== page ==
Typical Teachings of Exodus

By Edward Dennett

Chapter 5


Exodus 7 - 11

THESE chapters cannot be divided, as they form one continued narrative - a narrative of awful significance, containing, as it does, the record of the successive judgments which fell, with ever increasing severity, upon Egypt, until God thereby compelled Pharaoh to release the children of Israel from the iron bondage in which they had been held. We have therefore at the commencement a restatement of the mission of Moses and Aaron, of the purpose of Jehovah, and the manner in which He would effect, spite of the opposition of Pharaoh, the redemption of His people.

"And the Lord said unto Moses, See, I have made thee a god to Pharaoh; and Aaron thy brother shall be thy prophet. Thou shalt speak all that I command thee; and Aaron thy brother shall speak unto Pharaoh, that he send the children of Israel out of his land. And I will harden Pharaoh's heart, and multiply My signs and My wonders in the land of Egypt. But Pharaoh shall not hearken unto you, that I may lay My hand upon Egypt, and bring forth Mine armies, and My people the children of Israel, out of the land of Egypt by great judgments. And the Egyptians shall know that I am the Lord, when I stretch forth Mine hand upon Egypt, and bring out the children of Israel from among them. And Moses and Aaron did as the Lord commanded them, so did they" (7:1-6).

The Lord thus communicated to His servants what He intended to do, and how it would be accomplished. He unrolled the scroll of the future before their eyes to prepare them for their task, and to strengthen their faith. In like manner He has revealed to us the course of this world's history, warned us of the impending judgments, with the certain destruction of the world, and all who belong to it, if they heed not the monitions of His word, and the invitations of His grace; and, at the same time, He cheers us also with the sure prospect of redemption by power out of it, when the Lord returns to receive His people unto Himself He thus desired that Moses and Aaron, as He also desires for us, should have fellowship with His own purposes concerning both the world, the god of this world, and his poor, abject slaves. How it strengthens the heart and braces the soul to be filled with the thoughts of God! And what grace on His part to communicate them to us, that we may speak to others with authority and power!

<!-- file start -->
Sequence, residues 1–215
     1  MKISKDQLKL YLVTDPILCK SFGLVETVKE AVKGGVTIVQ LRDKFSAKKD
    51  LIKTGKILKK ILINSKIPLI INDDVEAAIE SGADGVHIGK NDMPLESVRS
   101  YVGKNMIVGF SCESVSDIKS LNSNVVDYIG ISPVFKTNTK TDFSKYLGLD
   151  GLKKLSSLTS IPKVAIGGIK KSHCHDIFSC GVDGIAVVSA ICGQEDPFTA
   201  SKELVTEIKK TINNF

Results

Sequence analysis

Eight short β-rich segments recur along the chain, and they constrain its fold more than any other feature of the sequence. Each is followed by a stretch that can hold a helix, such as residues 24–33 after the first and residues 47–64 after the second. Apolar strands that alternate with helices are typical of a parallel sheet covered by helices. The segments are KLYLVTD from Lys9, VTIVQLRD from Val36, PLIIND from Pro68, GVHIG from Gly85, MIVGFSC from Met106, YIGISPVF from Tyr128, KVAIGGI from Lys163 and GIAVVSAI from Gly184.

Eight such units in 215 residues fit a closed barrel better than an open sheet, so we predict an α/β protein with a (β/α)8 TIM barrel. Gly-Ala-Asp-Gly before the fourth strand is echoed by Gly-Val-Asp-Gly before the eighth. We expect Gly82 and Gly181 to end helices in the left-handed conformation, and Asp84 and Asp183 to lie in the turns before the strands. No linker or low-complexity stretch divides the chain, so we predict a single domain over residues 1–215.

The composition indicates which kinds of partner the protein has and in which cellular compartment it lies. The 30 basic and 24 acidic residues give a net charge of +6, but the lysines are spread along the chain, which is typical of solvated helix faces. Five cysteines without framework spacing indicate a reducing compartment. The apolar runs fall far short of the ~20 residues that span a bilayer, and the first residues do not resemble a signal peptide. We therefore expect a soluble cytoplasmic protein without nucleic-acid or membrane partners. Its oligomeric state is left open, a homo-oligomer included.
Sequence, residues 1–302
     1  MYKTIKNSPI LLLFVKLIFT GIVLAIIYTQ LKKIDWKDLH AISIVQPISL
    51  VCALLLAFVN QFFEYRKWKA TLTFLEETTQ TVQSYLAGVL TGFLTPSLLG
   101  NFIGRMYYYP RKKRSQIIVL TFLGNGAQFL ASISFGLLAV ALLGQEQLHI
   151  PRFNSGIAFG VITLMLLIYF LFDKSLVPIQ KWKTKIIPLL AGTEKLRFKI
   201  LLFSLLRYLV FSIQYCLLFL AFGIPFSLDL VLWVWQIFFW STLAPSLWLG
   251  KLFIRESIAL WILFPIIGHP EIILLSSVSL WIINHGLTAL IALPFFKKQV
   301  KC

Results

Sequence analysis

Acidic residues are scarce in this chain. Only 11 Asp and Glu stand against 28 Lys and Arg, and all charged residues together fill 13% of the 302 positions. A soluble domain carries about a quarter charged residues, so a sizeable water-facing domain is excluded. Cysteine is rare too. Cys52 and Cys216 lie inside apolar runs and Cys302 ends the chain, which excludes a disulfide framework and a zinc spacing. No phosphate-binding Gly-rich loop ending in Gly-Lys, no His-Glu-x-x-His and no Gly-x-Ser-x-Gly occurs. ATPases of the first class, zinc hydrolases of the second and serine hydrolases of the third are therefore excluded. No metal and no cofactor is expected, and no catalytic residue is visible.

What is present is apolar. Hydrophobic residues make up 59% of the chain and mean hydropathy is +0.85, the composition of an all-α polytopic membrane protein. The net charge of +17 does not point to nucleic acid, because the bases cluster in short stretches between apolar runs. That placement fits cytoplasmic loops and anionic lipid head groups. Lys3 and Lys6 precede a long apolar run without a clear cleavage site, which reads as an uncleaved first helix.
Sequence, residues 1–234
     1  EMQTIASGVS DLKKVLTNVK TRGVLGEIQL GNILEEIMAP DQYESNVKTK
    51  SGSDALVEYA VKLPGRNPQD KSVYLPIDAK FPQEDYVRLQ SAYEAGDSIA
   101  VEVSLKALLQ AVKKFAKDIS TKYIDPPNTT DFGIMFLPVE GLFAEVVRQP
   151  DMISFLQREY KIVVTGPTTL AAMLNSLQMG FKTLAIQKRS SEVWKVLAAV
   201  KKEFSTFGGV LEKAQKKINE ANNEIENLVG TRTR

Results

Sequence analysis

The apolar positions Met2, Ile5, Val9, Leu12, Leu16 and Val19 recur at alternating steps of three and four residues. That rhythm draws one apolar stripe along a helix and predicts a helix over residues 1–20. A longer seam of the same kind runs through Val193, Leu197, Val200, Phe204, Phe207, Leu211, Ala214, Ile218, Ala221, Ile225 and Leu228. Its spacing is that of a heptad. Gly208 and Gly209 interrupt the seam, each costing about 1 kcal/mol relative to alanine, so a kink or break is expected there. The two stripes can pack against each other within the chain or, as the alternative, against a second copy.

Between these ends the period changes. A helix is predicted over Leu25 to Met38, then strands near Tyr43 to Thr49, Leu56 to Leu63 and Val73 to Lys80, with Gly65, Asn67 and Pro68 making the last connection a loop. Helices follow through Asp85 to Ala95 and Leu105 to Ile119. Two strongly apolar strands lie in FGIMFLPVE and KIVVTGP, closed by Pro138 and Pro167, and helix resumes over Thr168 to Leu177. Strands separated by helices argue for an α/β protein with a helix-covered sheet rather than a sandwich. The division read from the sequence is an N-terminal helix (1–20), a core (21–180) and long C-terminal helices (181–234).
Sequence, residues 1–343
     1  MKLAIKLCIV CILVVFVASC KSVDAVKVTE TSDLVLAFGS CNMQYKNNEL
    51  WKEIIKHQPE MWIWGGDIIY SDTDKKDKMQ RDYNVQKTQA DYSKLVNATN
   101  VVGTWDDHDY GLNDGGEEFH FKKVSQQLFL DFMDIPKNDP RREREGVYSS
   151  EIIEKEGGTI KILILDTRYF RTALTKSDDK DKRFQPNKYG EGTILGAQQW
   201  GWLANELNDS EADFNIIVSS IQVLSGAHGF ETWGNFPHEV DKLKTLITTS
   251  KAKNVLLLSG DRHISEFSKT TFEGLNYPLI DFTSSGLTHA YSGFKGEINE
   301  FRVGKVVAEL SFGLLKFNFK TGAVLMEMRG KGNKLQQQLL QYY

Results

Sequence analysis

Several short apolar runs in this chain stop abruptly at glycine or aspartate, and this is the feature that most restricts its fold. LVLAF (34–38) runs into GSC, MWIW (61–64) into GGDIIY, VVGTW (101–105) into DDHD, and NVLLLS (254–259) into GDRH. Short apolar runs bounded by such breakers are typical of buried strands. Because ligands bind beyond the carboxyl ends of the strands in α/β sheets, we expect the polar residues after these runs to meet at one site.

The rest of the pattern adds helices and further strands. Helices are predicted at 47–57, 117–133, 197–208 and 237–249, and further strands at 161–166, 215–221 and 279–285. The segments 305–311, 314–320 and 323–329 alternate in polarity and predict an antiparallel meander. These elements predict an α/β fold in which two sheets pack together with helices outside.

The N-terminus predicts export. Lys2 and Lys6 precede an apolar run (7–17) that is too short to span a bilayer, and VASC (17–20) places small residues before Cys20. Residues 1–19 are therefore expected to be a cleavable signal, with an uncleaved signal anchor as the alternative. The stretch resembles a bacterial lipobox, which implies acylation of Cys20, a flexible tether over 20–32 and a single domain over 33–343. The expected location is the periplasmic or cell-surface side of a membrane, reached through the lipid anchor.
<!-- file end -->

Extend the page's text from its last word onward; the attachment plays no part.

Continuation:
Before we proceed to analyse these chapters there is one point - inasmuch as it often occasions difficulty to the believer, as well as draws forth the attacks of the enemy - that cannot be omitted. It lies in the words, "And I will harden Pharaoh's heart" (7:3). The doubt that Satan would suggest in connection with this is, Where was the sin of Pharaoh if his heart was thus hardened? Or, How could God righteously destroy one whom He had hardened to resist Him? If the place in which these words occur had been carefully observed, the difficulty would have vanished. The fact is, the practice is so common of citing single verses of Scripture, apart from their context, that difficulties are created which would be dissipated in a moment, if the context were carefully examined. Be it then noted, that this is not said of Pharaoh until after he had contemptuously rejected the claims of Jehovah. He had said, "Who is the Lord, that I should obey His voice to let Israel go? I know not the Lord, neither will I let Israel go" (v.2). He rejected the word of the Lord, placed himself in open antagonism to Him and His people; and now his heart is judicially hardened. And God still acts upon the same principle. We thus read in 2 Thessalonians of some on whom He will send strong delusion that they should believe a lie. But wherefore? Because they received not the love of the truth, that they might be saved (2:9-12). Let the warning sink deep into the hearts of any unconverted ones whose eyes may fall upon these pages. There will be a time even for them, if they continue to refuse the gospel of God's grace, when it will be impossible for them to obtain salvation: God has fixed a limit even to His day of grace, even as He did for Pharaoh; and when that limit is overstepped there remains nothing but judgment. "To-day," then, "if ye hear His voice, harden not your hearts" (Heb.3:15). There is yet a pause. Moses and Aaron go in unto Pharaoh and present their credentials - attested by a miraculous sign, the sign which the Lord had taught Moses at Horeb. "Aaron cast down his rod before Pharaoh, and before his servants, and it became a serpent" ( 7:10 ). The wise men of Egypt, the magicians, did the same with their rods; but "Aaron's rod swallowed up theft rods" (v.12) - the Lord thus vindicating the mission of His servants. As, however, He had foretold, Pharaoh was not convinced; for "He hardened Pharaoh's heart, that he hearkened not unto them; as the Lord had said" (v.13). Now God Himself appears on the scene, and a succession of terrible judgments falls upon Pharaoh and his land - judgments which will be known while time shall last as "the plagues of Egypt " They are ten in number. First, the waters of the Nile are turned into blood (7:14-25); then follow the plagues of frogs (8:1-15), of lice (8:16-19), of the swarms of flies (8:20-32), of the murrain of the cattle (9:1-7), of boils (9:8-12), of thunder and hail (9:18-35), of the locusts (10:1-20), of darkness (10:21-29), and finally that of the death of the firstborn of man and beast (11,12). The Psalmist recounts them more than once in graphic language when celebrating the mighty works of the Lord in song - describing "how He had wrought His signs in Egypt, and His wonders in the field of Zoan" (73:43; see also Psalm 105:25-36).